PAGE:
Once technology is released into the world, it can be incredibly difficult to control. I suspect if you asked Tim Burners-Lee whether he is happy that his invention has become the most effective tool for the distribution of pornography ever invented, he’ll tell you that he isn’t. The Law of Unintended Consequences tells us it is impossible to foresee the full ramifications of any new technology from the point of its inception, but in an era where companies (and particularly startups) push to get new ideas out the door and into the hands of custoemrs as quickly as possible, the chance for measured reflection is limited.
The same of course is true with AI and data analytics moire generally. In my latest post ahead of next weeks IAPA Advancing Analytics conference I asked the speakers about the potential for negative consquences, and whether sufficient thought has gone into the ethical considerations of what AI might enable.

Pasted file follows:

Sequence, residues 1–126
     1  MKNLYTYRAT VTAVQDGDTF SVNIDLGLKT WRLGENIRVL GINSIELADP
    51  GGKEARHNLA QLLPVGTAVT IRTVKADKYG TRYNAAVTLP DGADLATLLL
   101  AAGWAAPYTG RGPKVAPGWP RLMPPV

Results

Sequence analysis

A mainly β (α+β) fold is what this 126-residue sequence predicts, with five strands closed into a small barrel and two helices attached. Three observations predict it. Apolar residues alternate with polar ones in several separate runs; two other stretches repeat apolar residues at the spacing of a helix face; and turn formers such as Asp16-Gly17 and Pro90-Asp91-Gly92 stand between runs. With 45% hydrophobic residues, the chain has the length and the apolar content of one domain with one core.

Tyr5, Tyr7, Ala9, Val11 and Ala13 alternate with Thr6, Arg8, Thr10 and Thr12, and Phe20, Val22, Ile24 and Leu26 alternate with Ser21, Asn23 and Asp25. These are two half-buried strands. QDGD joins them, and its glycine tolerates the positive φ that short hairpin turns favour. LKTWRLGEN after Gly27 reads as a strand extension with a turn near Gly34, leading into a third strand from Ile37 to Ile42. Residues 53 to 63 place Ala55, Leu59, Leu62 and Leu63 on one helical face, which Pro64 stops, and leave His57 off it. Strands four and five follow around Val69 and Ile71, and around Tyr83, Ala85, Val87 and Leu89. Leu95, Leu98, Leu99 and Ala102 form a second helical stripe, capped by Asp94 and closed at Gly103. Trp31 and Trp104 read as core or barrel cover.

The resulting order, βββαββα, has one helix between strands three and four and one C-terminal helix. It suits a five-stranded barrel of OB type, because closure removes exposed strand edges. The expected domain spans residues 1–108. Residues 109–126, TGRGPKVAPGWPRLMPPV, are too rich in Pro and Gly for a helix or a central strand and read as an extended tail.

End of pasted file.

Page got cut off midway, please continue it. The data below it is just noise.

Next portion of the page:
As healthcare data scientist Halim Abbas says: “We have built something, and it is turning out to be a very powerful driver in society, and we are not really sure how to best use it. It is like we have built a hot air balloon, and now we are in the air, asking how do we steer.”